The tumultuous midterm elections of 2018 led to three statewide recounts in Florida, a first in Florida’s history.
A machine recount was ordered by Secretary of State Ken Detzner in the U.S. Senate, Governor, and State Commission of Agriculture races with margins so tight in two races that a hand recount was later ordered. It was quite a roller coaster ride for both the candidates and voters with protests and lawsuits ensuing focused mostly around the vote counting process as election officials debated over matching signatures, ballot designs, and being allotted enough time to count every vote the right way.
In the stories below we take a look back on the election and all the problems that arose including taking a look at why Florida seems destined to repeat its past and what might change to keep the 2020 presidential election from suffering the same fate as 2018 and 2000.
The 2018 midterm election was already shaping up to be a big production in Florida well before November 6th. Election officials and political experts alike were encouraging voters to vote early and by mail because of a long ballot full of races and ballot measures. One of the key ways to verify a voter’s ballot is their signature, which caused some voters to not have their vote counted because their signature didn’t align with the one on file. WUFT’s Maria Roberts takes a look at why signatures are used to verify voters in the first place and if they’re really the best option.
Matching voters’ signatures wasn’t the only problem that popped up during this election. While issues with signatures can be fixed if caught in time, missing a race on the ballot that caused you to not cast a vote at all is something that can’t be corrected after ballots are submitted. While that may seem like voter error, in Broward County it came down to a question of ballot design and whether a mistake was made by county election officials. WUFT’s Dolores Hinckley has a closer look at how one ballot design problem may have a cost a candidate in a very close race.
This seems familiar
This is not the first-time ballot design caused problems in an election. Back in 2000, it was butterfly ballots and hanging chads and the outcome of a presidential election at stake. WUFT’s Matthew Serna revisits the 2000 presidential election and talks to some of the players involved in both the 2000 and 2018 recounts in an attempt to find out how Florida managed to find itself in the same place 18 years later.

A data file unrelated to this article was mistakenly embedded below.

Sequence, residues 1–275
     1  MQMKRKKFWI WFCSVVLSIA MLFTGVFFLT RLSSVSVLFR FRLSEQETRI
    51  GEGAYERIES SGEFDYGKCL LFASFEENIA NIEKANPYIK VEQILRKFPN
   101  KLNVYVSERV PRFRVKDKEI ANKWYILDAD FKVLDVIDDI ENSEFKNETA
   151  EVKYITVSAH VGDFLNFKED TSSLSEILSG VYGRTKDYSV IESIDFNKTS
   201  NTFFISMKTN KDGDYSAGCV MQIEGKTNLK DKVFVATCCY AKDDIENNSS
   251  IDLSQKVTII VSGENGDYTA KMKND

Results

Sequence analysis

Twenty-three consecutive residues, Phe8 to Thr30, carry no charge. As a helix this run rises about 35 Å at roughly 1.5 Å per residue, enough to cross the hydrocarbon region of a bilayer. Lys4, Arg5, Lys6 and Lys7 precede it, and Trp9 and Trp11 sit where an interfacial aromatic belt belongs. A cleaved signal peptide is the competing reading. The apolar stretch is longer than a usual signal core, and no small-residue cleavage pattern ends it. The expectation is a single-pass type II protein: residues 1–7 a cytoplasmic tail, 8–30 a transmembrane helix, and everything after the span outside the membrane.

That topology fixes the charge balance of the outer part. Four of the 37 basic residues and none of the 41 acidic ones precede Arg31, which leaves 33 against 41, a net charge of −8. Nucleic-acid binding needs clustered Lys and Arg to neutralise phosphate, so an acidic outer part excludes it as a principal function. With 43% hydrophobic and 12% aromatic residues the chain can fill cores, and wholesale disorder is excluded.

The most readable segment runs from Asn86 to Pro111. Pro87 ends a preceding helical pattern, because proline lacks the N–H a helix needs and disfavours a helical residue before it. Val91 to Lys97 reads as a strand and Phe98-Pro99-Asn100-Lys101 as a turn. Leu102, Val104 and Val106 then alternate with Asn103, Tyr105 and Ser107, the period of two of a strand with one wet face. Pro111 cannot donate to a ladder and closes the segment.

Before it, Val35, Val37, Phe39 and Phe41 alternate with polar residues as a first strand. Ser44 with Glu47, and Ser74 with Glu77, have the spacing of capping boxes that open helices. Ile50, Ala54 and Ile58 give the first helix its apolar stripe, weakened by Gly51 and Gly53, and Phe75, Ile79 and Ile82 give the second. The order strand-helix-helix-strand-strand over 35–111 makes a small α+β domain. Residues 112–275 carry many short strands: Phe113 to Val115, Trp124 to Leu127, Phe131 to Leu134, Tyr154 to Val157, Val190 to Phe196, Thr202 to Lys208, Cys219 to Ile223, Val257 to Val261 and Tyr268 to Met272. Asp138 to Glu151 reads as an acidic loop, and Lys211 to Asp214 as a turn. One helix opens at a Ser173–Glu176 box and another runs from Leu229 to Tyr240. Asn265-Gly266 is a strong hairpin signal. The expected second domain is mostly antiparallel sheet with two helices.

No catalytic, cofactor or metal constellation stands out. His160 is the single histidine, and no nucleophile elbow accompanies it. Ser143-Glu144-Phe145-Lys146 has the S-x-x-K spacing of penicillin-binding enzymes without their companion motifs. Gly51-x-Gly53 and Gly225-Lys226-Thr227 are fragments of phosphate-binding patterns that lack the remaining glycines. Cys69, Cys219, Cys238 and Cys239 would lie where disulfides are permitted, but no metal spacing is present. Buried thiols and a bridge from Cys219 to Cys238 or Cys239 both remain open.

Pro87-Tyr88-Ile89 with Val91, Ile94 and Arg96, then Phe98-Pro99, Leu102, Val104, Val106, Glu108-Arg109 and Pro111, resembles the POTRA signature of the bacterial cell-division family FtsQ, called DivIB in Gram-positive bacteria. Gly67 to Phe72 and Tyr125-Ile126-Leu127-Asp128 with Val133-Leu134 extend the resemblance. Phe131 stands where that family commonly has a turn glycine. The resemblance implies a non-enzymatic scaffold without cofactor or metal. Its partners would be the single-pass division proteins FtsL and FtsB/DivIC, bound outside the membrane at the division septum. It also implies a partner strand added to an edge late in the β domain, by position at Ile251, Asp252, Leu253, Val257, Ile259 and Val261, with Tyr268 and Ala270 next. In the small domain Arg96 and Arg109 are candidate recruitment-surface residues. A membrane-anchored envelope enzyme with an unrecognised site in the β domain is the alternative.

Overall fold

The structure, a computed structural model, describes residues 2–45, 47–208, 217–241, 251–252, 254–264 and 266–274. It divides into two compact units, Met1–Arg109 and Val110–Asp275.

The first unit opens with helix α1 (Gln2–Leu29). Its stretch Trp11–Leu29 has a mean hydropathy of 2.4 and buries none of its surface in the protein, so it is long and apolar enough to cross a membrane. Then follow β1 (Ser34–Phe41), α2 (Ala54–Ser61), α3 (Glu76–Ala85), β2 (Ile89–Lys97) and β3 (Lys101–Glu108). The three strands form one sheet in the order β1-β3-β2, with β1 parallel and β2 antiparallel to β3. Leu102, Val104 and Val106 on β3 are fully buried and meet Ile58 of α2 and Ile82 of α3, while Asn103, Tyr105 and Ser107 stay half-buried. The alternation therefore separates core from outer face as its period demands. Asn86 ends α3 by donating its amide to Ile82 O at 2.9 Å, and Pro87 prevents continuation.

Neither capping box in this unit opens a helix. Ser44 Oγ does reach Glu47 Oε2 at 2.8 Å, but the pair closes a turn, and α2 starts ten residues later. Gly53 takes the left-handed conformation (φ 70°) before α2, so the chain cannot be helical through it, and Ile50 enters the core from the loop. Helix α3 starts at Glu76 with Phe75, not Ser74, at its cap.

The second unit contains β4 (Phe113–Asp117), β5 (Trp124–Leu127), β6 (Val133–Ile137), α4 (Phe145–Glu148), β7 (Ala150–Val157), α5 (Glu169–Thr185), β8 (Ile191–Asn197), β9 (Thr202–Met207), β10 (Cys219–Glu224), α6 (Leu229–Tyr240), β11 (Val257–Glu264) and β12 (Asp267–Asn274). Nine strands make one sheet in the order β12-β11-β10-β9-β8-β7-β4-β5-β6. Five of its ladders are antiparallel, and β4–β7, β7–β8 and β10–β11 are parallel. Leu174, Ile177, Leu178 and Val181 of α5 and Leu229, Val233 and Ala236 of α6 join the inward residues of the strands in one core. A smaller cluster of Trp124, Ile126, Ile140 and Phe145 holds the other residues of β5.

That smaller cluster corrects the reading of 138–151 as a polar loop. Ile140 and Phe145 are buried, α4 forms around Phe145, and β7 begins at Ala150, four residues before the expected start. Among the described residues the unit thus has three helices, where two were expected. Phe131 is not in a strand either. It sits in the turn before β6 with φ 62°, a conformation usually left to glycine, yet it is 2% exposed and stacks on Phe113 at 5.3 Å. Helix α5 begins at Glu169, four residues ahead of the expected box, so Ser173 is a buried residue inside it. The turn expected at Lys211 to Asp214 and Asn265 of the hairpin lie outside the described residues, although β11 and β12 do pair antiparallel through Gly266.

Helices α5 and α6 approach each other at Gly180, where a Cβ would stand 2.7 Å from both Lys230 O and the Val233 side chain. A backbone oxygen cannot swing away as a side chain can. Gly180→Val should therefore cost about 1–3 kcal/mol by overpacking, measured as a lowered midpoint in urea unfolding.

Matthew Serna continues his trip back to 2000 to find how what changed after the 2000 election in Florida and how those changes impacted the 2018 recount.
What might change in 2020
The state’s supervisors of elections aren’t the only ones looking at 2018 and wondering how they could do better. Elections stakeholders from political groups to legislators are taking a hard look at Florida’s voting policies going into 2019 with an eye on the next major election in 2020. WUFT’s Maria Roberts spoke to some them to find out what they’d like to see improved before the next election.
Preventing another 2018 is not the only election issue Florida legislators need to consider in the upcoming legislative session. Amendment 4 which gave felons, excluding murderers and sex offenders, the right to vote passed on November 6th. That means on January 8th more than a million new people in Florida may be able to register to vote, or maybe not. Incoming governor Ron DeSantis and some state lawmakers say they need to weigh in on the amendment before any changes are made. As WUFT’s Taylour Marks found out, that has some election officials confused on how to proceed.